I've completed the biggest and most important painting for the show yesterday. Here's the working process.
I did a preliminary sketch in watercolour:
I showed the sketch to my friends, and Thane Pratt, the author of the field guide suggested to mirror the bird for a better composition. I didn't want to do another watercolour sketch, so changed it in Photoshop:
My artist buddy, Márton Zsoldos felt that the tail was disturbingly prominent, so I put it behind the mossy branches. It's always good to have others' opinion in the working process.
I made a watercolour study of the bird itself, a male Stephanie's Astrapia, a species I've seen in the high elevation cloud forests:
It's my biggest oil painting ever, 70 x 100 cms. I drew the main elements in raw sienna. The grids helped me to get the composition right:
This is the first layer, the background, the main branches, the bird and the Pandanas leaves blocked in:
In the next step the background with the big Pandanas and some branches is roughly finished:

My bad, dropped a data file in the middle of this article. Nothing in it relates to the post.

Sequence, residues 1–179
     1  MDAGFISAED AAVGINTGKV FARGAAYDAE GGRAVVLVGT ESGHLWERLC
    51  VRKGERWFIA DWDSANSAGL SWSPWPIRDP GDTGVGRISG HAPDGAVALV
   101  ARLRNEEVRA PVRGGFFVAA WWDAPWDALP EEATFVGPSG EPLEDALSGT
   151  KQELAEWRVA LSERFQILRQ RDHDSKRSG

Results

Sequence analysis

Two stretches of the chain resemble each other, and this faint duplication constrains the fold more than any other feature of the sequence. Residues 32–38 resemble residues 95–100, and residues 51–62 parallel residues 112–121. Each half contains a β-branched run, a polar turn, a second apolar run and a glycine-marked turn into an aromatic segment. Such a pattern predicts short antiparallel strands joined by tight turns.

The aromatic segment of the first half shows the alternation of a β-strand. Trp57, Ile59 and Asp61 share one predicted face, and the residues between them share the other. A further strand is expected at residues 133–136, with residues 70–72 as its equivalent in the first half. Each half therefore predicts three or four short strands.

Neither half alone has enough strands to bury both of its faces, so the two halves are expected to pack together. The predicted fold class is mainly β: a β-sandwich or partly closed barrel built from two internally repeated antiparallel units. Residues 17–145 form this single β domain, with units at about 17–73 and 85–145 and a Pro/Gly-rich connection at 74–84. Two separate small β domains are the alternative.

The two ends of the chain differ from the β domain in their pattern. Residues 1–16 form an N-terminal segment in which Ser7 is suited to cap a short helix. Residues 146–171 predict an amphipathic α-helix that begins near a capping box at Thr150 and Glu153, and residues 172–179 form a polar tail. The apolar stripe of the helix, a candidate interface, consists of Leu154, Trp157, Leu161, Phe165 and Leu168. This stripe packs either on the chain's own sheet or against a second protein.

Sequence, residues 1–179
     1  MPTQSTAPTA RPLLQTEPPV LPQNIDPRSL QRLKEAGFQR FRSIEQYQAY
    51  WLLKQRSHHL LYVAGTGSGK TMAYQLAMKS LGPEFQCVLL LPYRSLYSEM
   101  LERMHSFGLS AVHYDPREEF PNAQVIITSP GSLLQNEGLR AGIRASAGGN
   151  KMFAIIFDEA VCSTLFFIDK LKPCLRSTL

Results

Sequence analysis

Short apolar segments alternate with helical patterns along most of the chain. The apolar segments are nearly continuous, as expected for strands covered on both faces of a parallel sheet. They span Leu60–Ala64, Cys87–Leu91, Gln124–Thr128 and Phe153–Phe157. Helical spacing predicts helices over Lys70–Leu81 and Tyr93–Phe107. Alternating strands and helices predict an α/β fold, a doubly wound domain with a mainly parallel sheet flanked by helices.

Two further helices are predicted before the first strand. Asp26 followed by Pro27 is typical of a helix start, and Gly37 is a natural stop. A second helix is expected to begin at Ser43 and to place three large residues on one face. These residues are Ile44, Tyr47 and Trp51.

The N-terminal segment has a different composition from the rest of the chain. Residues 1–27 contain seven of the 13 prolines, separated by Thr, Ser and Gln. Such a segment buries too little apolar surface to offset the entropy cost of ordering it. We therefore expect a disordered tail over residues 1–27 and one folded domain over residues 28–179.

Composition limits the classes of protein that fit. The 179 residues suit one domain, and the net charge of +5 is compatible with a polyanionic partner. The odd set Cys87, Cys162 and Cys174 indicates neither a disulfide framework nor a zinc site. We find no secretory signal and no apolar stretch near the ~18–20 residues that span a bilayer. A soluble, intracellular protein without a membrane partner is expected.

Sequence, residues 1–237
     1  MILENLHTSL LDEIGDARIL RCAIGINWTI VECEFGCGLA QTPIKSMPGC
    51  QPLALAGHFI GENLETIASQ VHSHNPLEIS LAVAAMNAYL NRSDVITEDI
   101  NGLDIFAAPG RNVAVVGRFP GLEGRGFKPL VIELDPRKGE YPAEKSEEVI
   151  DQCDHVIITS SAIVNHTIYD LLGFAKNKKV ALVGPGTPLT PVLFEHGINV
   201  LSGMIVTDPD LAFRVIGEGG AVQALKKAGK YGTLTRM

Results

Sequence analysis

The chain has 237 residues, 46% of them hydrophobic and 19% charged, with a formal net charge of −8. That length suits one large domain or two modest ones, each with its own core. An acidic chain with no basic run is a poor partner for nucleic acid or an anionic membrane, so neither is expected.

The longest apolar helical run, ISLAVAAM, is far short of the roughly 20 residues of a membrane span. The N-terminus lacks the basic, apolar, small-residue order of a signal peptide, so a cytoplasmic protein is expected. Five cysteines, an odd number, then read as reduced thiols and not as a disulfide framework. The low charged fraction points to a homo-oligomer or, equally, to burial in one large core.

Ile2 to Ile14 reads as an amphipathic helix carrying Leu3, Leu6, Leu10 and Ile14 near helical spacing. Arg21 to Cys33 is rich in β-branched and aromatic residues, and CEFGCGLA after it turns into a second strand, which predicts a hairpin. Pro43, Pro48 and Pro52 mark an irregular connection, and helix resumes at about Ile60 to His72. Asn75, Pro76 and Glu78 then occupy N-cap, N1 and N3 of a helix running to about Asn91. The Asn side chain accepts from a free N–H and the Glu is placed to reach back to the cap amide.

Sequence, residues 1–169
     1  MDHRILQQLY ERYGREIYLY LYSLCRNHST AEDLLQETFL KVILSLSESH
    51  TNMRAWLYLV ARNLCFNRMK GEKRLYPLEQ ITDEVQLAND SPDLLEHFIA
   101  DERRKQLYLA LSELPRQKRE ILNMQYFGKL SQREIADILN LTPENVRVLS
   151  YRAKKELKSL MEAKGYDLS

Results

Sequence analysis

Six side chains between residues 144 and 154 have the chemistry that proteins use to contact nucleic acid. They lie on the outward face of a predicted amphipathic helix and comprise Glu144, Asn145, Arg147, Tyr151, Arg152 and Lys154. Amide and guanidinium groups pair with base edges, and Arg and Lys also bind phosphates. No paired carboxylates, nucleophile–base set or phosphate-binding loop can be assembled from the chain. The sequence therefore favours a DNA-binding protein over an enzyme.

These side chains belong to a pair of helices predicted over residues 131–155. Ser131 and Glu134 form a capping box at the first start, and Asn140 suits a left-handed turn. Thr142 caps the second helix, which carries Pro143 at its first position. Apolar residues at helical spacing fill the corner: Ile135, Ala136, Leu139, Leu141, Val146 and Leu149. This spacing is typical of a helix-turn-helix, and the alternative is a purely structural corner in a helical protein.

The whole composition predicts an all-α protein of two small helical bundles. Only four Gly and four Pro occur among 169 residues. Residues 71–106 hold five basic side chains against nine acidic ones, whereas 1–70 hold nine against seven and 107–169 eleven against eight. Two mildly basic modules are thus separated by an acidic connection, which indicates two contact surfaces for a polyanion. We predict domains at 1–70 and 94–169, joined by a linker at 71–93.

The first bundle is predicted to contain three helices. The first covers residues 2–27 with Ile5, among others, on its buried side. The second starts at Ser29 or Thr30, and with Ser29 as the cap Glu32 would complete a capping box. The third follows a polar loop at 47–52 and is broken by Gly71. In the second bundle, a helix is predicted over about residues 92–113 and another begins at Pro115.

I've applied a thin glaze all over the background to achieve a more misty atmosphere and give more depth to the painting. The mossy branches on the left side are almost finished:
The Pandanas on the right is a very important element of the painting, probably even more important than the bird. I put a lot of work into it:
After almost completing the vegetation I strated working on the bird. In the field I only had brief views of such a beautifuzl male bird, so had to work from photos and videos on the internet and my museum studies from Vienna:
And here's the finished painting. I wanted to use the flow of the branches and leaves to achieve a good composition, hopefully I succeeded:
I've created a GIF file to show the whole process together: